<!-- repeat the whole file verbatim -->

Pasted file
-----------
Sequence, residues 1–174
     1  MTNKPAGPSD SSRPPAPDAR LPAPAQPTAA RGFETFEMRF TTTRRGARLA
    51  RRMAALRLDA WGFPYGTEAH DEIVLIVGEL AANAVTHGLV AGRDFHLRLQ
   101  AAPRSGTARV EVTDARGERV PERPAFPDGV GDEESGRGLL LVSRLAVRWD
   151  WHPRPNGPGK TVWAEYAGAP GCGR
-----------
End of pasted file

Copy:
Sequence, residues 1–174
     1  MTNKPAGPSD SSRPPAPDAR LPAPAQPTAA RGFETFEMRF TTTRRGARLA
    51  RRMAALRLDA WGFPYGTEAH DEIVLIVGEL AANAVTHGLV AGRDFHLRLQ
   101  AAPRSGTARV EVTDARGERV PERPAFPDGV GDEESGRGLL LVSRLAVRWD
   151  WHPRPNGPGK TVWAEYAGAP GCGR